Editor's note: Eleven days after Russia invaded Ukraine, Carol Guzy flew into a suffering country — again. It was her birthday, and Guzy, the recipient of four Pulitzer Prizes for photography from dangerous and destabilized corners of the world, had planned to stay home this time.
Guzy shared photos taken in the cities of Bucha, Irpin and Borodyanka as the country’s Orthodox Christian churches celebrated Palm Sunday and Easter during the invasion’s early days. (For most Orthodox churches, the calendar for Palm Sunday and Easter is not the same as for Western churches.)
A recipient of journalism’s highest honor for images she captured in Haiti, Kosovo and Colombia, Guzy described some of her work from last year and her experience of that season in Ukraine during a conversation with Faith & Leadership’s Aleta Payne. Her comments have been edited for length and clarity.
I only remember the date because I’m like, “Well, I won’t forget this birthday.”
I had such a hard time deciding to even go, because I was afraid. I didn’t know, really, what to expect. And I’m older now. I have terrible lungs. I can’t run fast, much less run fast with cameras and a flak jacket and a helmet and all that. It was really a hard decision whether to go or not.
But it was so big. Some stories are so epic. They’re bigger than all of us. At a certain point, I couldn’t not go. But my compromise with myself was I wasn’t going to do front lines. I was just going to do features.
Initially, I was just going to go to the border with Poland and do the refugees, the exodus, which I did for a little while. But then there’s this creep, and you start moving to other places. So that’s what happened. I mean, everywhere is the front line is the problem. It’s like all of Ukraine, with this random shelling, is dangerous. It’s just levels of danger.
I think it’s important to show up — whether it’s Easter or whatever the pictures are — just show the world a different viewpoint …, because I think the world community is forgetting that this is happening. And there’s also compassion fatigue. Or they just don’t want to look at rubble and bodies anymore. And the horror of it. People just can’t digest that.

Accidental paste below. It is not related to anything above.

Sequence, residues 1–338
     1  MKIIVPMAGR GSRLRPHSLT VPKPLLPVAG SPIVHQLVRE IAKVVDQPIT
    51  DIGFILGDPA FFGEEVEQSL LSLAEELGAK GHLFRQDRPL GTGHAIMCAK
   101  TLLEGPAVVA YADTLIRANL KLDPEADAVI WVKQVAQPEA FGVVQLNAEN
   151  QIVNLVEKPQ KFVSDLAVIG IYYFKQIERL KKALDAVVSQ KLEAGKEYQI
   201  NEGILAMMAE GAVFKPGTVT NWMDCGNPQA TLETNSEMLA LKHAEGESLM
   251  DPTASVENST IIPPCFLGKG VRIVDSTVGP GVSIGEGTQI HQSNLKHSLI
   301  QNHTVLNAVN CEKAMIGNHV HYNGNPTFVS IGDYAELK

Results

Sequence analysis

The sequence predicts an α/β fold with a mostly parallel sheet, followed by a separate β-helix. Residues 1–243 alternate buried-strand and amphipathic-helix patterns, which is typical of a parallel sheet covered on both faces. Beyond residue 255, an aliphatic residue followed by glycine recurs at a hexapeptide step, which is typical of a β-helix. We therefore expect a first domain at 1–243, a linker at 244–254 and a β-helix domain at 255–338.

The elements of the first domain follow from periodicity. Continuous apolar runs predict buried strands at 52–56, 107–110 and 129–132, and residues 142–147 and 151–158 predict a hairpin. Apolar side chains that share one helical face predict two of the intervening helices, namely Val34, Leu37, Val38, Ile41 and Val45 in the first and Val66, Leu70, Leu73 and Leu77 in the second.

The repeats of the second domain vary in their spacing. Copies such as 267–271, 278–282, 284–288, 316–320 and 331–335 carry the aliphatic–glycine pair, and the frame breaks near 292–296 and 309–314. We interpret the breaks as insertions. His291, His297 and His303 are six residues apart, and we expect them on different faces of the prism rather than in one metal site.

Giving them a breath of fresh air, of hope and this kind of beauty, I think, is so important.
This one shows the Bucha church with the famous mass grave behind it. I headed up to here because they were ringing the bell when I first got there, and I only had a second to shoot.
I had covered the exhuming of bodies from the mass grave and all that horror. I knew they were going to have a service at that church. I went there, and then we looked for other places that we had been photographing. They were all liberated towns that had been occupied. But there were celebrations. Any church that was standing, I think, had a celebration in it.
Just the fact that people are still doing this in the middle of a nasty, horrific war — I hate to even call it war; it’s terrorism. It’s uplifting that they still want to have some normalcy to life.
The rays of light were just so spectacular in these churches. They’re really beautiful and ethereal. It was amazing. Shockingly, they seem to be not targeting churches in Ukraine. There has been damage to churches, but not [like the damage to] schools and hospitals and everything else they seem to aim for.
And it’s always nice seeing people all dressed up like this, because so many of us are shooting pictures in the rubble.